The budget process has many stakeholders and a quality budget process must engage all in a collaborative discussion about priorities, proposed services, and appropriate allocation of funding. While many finance officers understand the budget and the process used to develop it, do they also understand how other key stakeholders view it? This session will feature several department heads from non-financial positions in local government in a discussion about what makes a budget process successful. Attendees can expect to hear honest feedback on how to make a budget process more transparent, more inclusive, and more focused on allocating resources to the right programs to achieve the right results.

Actuarial reporting can be complex, but is important for understanding the status of pension and OPEB plans. Speakers in this session will focus on key components of an actuarial report and will guide finance officers on how to interpret their government’s actuarial reports. In addition, speakers will address frequently asked questions about the actuarial reports to allow finance officers to better understand and explain this information to other stakeholders in the government.

Incremental budgeting is easy, convenient, and readily accepted as a standard process in government. But is it the best approach? Incremental budgeting can make it difficult to reallocate funding based on current priority, compare funding to service levels or performance, or facilitate strategic long-term decision making. Unfortunately, many governments never test what is best because changing a key organizational process is difficult. This session will provide a plan forward using smaller (achievable) steps to build a better budget process. Speakers will discuss how they were able to initiate efforts to reform the budget process and how they overcame common challenges along the way.

Financial management processes often evolve over time. However, these changes can build inefficiency, complexity, lack of standardization, and confusion. Speakers in this session will present how simple tools and strategies, like asking "Why?" can break a pattern of "we've always done it this way" and lead to effective process improvements. This session will also provide practical strategies for leading process improvement efforts, change management, documentation, training, and developing a plan for sustaining change.

Budgeting is just as much about values and priorities as it is about dollars. Unfortunately, in times of a recession and when decisions get tough,governments can fall into focusing too much on getting the dollars to work out and abandon those principles. While universally true, but especially important in times of fiscal stress, it is important for governments to communicate their priorities and values as strategy to improve budget transparency, demonstrate fairness, and help justify difficult decisions. As governments work to prepare for the next recession, how much have you communicated on "why" you budget the way you do? In this session, speakers will present practical strategies on how to develop a framework and set priorities for making those tough decisions and ways to communicate to those most impacted.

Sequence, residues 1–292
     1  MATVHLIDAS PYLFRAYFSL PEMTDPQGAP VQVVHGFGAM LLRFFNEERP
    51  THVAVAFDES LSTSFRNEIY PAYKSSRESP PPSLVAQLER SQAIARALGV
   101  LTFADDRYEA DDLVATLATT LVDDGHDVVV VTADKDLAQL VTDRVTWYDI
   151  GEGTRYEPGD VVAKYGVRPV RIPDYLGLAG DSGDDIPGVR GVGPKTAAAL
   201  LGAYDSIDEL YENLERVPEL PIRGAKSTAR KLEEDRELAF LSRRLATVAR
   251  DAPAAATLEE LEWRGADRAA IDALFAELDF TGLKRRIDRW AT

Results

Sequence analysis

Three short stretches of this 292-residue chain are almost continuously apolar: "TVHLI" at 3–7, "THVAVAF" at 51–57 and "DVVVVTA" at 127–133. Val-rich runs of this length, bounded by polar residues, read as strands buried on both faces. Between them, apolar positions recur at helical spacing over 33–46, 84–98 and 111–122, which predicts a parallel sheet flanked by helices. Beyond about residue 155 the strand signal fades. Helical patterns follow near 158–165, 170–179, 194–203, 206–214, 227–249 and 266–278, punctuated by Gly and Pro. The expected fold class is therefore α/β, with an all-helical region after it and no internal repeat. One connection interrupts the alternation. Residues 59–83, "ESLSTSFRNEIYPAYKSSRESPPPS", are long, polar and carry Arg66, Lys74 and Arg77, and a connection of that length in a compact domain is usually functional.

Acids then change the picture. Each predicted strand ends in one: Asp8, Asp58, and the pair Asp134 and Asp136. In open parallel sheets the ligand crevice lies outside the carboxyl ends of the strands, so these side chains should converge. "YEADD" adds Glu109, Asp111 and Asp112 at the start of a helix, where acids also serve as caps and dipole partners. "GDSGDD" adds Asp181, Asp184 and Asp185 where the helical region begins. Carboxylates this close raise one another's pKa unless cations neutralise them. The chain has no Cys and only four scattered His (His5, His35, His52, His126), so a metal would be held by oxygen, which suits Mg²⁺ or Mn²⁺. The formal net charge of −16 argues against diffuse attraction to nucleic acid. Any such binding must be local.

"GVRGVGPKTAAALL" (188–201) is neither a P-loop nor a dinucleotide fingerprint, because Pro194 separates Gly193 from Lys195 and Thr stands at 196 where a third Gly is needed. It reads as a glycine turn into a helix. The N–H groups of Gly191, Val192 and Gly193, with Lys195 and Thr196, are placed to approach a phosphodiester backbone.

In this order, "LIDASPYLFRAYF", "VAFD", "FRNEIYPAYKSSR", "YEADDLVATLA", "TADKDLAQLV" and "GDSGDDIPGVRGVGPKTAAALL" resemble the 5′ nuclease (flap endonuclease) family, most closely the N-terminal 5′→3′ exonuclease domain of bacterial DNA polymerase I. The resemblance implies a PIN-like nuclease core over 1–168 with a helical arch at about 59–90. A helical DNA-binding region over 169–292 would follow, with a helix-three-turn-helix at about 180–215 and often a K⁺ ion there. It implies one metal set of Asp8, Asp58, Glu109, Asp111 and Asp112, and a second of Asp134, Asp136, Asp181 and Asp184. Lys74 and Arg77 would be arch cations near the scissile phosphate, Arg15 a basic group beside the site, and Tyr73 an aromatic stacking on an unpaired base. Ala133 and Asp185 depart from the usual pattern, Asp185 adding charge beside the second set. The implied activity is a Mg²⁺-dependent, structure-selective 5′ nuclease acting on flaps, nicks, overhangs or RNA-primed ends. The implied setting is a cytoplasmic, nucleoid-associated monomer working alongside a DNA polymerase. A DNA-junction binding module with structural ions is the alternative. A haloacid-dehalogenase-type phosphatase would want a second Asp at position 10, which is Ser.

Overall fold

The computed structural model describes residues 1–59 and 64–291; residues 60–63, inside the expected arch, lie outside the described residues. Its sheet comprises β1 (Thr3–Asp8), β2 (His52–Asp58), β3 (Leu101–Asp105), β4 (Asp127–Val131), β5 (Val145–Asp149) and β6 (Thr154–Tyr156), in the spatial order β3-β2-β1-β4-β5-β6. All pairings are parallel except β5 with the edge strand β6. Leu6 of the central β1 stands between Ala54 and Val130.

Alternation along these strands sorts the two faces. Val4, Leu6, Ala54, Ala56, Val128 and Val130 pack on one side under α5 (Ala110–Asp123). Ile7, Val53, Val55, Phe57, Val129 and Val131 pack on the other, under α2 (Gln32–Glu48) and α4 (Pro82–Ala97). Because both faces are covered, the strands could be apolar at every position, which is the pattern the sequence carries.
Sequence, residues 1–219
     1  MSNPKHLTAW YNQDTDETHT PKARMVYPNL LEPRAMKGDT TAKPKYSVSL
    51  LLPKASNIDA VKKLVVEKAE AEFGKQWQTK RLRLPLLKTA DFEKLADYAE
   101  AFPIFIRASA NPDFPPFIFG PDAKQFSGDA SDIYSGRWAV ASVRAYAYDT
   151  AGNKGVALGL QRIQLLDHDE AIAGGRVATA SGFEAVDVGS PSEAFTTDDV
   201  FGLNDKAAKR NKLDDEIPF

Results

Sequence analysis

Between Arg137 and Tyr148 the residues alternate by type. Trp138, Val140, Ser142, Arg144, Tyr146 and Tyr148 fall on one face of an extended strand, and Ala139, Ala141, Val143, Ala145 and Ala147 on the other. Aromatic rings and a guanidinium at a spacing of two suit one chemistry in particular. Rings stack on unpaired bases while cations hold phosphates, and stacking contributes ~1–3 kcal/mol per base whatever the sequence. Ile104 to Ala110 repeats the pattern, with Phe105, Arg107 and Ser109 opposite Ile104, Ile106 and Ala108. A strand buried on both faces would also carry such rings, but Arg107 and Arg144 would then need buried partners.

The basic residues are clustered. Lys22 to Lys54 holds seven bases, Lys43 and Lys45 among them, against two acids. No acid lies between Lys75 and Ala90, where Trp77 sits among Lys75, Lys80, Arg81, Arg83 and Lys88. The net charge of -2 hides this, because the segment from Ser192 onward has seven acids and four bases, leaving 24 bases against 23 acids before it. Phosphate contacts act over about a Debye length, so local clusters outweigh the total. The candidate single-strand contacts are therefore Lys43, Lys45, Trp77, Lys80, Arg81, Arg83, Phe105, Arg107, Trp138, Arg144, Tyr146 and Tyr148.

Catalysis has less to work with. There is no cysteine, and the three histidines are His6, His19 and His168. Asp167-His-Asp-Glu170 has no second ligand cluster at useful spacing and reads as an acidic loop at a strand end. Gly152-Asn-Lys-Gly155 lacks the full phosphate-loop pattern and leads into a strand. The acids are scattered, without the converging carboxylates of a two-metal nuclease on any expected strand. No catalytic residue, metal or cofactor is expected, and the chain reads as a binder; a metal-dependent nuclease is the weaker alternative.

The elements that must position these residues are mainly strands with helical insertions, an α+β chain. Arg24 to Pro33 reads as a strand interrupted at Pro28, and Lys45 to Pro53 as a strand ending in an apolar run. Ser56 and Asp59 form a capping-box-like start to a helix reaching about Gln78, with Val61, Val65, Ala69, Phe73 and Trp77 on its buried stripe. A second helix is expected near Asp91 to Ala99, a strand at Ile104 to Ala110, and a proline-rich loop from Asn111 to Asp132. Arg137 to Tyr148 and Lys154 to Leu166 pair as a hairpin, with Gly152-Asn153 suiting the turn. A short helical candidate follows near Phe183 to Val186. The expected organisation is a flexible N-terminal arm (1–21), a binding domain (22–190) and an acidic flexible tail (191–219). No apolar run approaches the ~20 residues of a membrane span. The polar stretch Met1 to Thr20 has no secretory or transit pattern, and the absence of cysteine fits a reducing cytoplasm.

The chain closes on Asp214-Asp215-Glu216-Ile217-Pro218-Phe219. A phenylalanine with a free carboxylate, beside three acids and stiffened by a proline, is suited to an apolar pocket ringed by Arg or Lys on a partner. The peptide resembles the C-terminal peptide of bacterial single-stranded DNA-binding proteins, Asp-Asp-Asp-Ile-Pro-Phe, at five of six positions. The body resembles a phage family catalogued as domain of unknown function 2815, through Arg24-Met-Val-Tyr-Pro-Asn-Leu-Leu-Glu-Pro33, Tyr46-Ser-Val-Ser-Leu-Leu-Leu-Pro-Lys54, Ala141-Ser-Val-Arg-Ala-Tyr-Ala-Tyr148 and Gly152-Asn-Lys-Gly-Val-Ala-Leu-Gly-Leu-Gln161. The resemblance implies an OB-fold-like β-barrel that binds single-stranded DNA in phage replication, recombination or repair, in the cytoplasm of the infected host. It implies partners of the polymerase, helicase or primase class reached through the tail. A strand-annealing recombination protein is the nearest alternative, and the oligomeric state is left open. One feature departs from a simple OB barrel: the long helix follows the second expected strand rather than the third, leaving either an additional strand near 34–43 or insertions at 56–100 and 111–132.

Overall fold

Financial policies set guidelines for decision making and communicate the strategic intent for financial management. They are also central to a strategic, long-term approach to financial management and essential for all small governments. Presenters will discuss common challenges in developing policies in a small government, make recommendations on appropriate roles for finance staff and elected officials in policy setting, and provide an opportunity for discussion of common policies. In addition, GFOA will provide sample policies for the top ten policy areas in local government that are specific to small governments.

Public-sector organizations can’t succeed without talent – the right people with the right skills in the right places at the right times. This is particularly true for government financial management. But just having talented employees isn’t enough – they must also be committed and engaged. This session will cover how to measure employee engagement and then achieve a high level of engagement in your organization – in order to drive superior performance and outcomes. Attendees will learn how employee engagement improves performance and service in order to improve customer satisfaction and, ultimately, trust in government.

Cash flow forecasting is an essential aspect of a government’s operations that sets the stage for budgeting, cash management, and investing decisions. GFOA’s best practice and resources related to cash flow forecasting highlight the need for governments to conduct this exercise regularly using a 12-month rolling period separate from the entity’s fiscal year. Speakers will discuss how to establish cash forecasts, which help governments make decisions related to outlays and investing for both liquidity and core portfolios. Government and market leaders will also discuss the importance of and how best to review, update, and report an entity’s cash flow forecast.

Finance officers from state and local governments don’t need to be told how helpful federal funding can be to a capital project. Luckily, the federal government makes billions available in grant funds every year to support a wide variety of government projects and government functions. Unfortunately the federal grant system is complex and can be difficult to navigate. In this session, speakers will provide tips and strategies for finance officers and their staff looking to obtain those elusive additional grant funds and how to better "work" the existing system. In addition, speakers will provide an overview of major sources of available funding and how to determine which program is best suited for common needs and projects.